Exactly the type of plan lifeguards like us were capable of pulling off.
I’m not sure who saw her first. It didn’t matter. The manager on duty at the time had the unenviable task of shuffling her from pool to pool, and trying to convince her that the level was a 1.2 and not a .8.
Luckily, today the job fell to Mr. P.
Mr. P knew the insides of that pool like no other and also knew what needed to be done to ensure pool activity for the paying members did not get suspended. Barking orders like a cigar-chomping colonel on the battlefield, (we maybe understood every fourth word) a rough plan of defense was formed.
I sprinted to the chlorine house, grabbing two five gallon buckets along the way. I needed to get a lot of chlorine into a pool very quickly, and no automated system could help me. I was going off the grid, and into a grey area of legality.
It’s one thing to fudge a number here or there in a record book – or maybe go back and fill in some numbers for a time you missed; it’s another to actively deceive someone who may or may not have the authority to close down a facility due to safety violations. Yet here I found myself actively participating in this event, not only willingly, but gleefully. Perhaps I missed my calling as a bagman for the mob.
Buckets full, I now found myself facing the unenviable task of swimming the chlorine through the pool. It couldn’t just be dumped, because it wouldn’t circulate fast enough for an “accurate” acceptable reading. I jumped in and swam the buckets around, the fumes slowly falling over my exposed face, my body knifing through the warm, slippery chemical as it lazily drifted out of the buckets to meet with the water. I felt the pungent, yellow liquid slither over my body, warm as urine. I didn’t feel great about my immune system at that moment.
The lap pool an easy fix, I finished up a little before I saw Mr. P. ambling down the path with Betty, as slowly as he possibly could go without arousing suspicion. Unfortunately getting chlorine in the rest of the pools was not going to be as easy as my trip. Because the lap pool had few swimmers in the early afternoon hours (the infamous lappers came after work and tortured guards by staying until the last possible second the pool stayed open) swimming through it with buckets of a highly toxic chemical posed little problem; the other pools posed more of a challenge.
We couldn’t swim through the other pools with chlorine. Too many people would ask too many questions, and we couldn’t chance it. Enter the “Chemist.”
The Chemist was a guard who, over the months of checking the chlorine levels, had gained a sort sixth sense for being able to give you an accurate reading using nothing more than guile, a couple drops of chemical, and possibly luck. He never really spoke of this gift, and no one really cared. It was enough that he pretty much took over the chlorine records and allowing us to hang out in the snack bar and play more Ms. Pac Man on our down time.
Because of his extensive pool knowledge, he also knew the best places in the pool to get a record a higher chlorine level. So as Betty walked around the lap pool, occasionally dunking the beaker in the water, quibbling with Mr. P about what a .8 looked like, the Chemist was directing a fire line of guards with buckets of chlorine, telling them the exactly where to dump them.
Once finished with the lap pool, Betty moved on to the rest of the grounds, now walking with the Chemist. It was up to him to subtly direct her to the hot spots in the pool, and ensure her readings came up satisfactorily. Few of us had any worries though, once in the hands of the Chemist, we felt relatively safe. Besides the hard work of delivering the chlorine was finished.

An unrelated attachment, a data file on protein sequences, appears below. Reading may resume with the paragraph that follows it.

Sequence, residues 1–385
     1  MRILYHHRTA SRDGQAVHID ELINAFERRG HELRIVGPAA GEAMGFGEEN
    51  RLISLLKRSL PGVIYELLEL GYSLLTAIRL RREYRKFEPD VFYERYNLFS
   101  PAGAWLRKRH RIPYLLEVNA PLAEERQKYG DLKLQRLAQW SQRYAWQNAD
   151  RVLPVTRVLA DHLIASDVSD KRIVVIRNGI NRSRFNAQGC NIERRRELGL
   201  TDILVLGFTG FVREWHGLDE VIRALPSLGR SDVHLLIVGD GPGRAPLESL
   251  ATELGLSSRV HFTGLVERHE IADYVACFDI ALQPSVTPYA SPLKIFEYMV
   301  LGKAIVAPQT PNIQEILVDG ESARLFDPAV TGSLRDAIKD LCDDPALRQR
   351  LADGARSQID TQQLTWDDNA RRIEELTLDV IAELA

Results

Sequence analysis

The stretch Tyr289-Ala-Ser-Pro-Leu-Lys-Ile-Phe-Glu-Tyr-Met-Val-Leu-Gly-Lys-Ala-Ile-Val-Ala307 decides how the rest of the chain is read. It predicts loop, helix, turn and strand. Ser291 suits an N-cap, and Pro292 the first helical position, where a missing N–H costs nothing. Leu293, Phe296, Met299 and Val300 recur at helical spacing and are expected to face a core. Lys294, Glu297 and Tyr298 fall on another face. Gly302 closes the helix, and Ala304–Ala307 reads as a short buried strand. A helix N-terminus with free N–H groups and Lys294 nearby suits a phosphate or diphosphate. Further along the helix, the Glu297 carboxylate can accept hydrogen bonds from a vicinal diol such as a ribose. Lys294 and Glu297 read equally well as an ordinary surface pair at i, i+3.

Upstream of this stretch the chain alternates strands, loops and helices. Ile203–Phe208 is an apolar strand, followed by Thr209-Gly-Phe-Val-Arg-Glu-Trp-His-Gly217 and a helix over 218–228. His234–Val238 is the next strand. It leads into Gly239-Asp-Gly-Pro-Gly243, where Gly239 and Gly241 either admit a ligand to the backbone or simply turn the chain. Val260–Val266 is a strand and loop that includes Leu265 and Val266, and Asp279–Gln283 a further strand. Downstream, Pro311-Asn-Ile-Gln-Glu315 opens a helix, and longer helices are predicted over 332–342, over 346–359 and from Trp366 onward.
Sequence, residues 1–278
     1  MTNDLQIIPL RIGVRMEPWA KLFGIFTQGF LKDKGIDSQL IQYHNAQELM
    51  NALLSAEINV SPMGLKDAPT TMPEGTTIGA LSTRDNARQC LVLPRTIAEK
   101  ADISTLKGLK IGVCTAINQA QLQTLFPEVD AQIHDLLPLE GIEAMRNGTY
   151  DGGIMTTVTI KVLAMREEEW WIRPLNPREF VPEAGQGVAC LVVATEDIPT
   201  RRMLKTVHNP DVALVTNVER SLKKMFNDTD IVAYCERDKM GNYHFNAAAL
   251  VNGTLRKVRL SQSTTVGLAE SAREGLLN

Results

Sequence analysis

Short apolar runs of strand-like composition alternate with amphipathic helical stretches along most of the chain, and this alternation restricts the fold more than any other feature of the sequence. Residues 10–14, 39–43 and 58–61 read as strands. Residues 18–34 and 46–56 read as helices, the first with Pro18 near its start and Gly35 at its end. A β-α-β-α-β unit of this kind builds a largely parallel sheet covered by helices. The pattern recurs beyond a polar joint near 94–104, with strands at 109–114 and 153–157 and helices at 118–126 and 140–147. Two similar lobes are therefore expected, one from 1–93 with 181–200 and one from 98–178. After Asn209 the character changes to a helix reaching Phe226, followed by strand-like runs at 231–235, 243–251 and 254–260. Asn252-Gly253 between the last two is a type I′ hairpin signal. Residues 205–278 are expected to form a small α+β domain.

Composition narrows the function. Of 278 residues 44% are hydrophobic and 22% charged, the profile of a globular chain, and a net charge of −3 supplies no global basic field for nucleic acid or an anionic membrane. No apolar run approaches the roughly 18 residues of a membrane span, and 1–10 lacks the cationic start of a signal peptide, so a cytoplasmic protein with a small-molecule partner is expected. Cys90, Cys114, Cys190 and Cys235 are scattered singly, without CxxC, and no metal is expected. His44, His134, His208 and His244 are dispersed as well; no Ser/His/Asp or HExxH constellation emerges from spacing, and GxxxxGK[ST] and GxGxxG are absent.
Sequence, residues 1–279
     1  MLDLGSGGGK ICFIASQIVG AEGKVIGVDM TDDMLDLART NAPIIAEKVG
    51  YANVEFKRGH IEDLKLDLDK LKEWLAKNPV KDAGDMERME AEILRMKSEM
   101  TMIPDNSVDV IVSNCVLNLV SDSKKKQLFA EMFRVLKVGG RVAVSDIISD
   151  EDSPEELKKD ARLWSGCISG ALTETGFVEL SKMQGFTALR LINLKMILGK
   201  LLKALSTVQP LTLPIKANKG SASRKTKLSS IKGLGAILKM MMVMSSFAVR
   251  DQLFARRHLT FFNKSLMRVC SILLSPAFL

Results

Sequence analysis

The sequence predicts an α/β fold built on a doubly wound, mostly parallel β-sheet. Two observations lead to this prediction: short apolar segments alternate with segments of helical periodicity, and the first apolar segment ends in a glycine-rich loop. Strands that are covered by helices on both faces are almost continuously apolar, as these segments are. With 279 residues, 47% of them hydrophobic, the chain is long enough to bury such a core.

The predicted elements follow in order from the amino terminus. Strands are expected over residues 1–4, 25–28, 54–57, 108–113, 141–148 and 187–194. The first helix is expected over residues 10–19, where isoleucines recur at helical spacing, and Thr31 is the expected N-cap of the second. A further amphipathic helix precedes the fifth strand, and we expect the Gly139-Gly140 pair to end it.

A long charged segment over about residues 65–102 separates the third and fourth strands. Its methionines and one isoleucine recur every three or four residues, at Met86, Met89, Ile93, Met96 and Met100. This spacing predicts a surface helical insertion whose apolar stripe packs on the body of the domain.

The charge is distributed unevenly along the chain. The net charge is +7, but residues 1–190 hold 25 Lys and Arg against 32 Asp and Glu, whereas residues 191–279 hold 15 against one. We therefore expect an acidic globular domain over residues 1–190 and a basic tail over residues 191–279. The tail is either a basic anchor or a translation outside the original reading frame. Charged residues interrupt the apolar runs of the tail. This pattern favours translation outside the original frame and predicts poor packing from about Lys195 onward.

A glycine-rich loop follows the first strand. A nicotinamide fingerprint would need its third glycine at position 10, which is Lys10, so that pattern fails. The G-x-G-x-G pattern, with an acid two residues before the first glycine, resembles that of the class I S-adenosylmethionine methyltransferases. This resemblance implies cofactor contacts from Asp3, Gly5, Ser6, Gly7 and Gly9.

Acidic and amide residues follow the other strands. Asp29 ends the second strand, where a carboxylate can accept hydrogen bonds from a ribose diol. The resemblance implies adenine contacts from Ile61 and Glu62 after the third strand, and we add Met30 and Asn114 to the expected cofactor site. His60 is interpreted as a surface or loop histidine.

It’s here where we got greedy.
Looking back, Betty was simply doing a job she was hired to do. She held no malice in her heart, nor did she take pleasure in closing down the pools. It’s possible that some of this chicanery and “negotiation tactics” that the swim club employed wore her down a bit and hardened her during later visits, but should she be blamed for any of that? And why should we guards feel so impassioned about keeping the pool open with so many visible safety violations? We owed the club nothing, and in fact, many of us felt just the opposite; that the pool owed us.
If I had to guess, and psychoanalyze myself and my friends, I would say, a lot of us felt a weird sense of pride in keeping the swim club functional. We hated the menial tasks of picking trash and mowing grass, but give us the responsibility of ensuring the pools had enough water to swim in, and we jumped at the opportunity. Any operational responsibilities were lapped up, giving us (at least in our heads) a sense of worth that many of the other guards didn’t have. That value fueled our desire, despite our constant complaining and moaning of terrible pay and work conditions. It was that uneasy paradox that maintained success for the pool for all my years working there.
Now, I’m not 100% sure whose idea it was to break into Betty’s car. Under the guise of wanting to find out where to live, but surely just for the sake of being able to later say, “yeah, we broke into the township’s safety inspector’s car,” we skulked up to the parking lot. Breaking in consisted of opening up the passenger side door while found herself entangled in the Chemist’s half-truths, runarounds and charm still down on the pool grounds.
We came back with nothing, save a receipt we found in a cupholder and an index card with information clearly useless for any plan we thought we were going to execute. The only thing the car break-in could have helped with was our immediate firing and probable arrests. Luckily neither happened and Betty (to my knowledge) was none the wiser.
And the surprise inspection? Satisfactory to Betty’s chagrin. Regardless of how she felt about her job, I’m certain her visit was made in hopes of catching us doing something sketchy. That she didn’t, proved our worth and allegiance to the swim club. We saw less and less of her after that visit, and I don’t think she ever returned after that year. I have no idea why, and I asked no questions. I was just glad we didn’t have to deal with the safety inspector again. Things finally went back to normal.
For better or worse.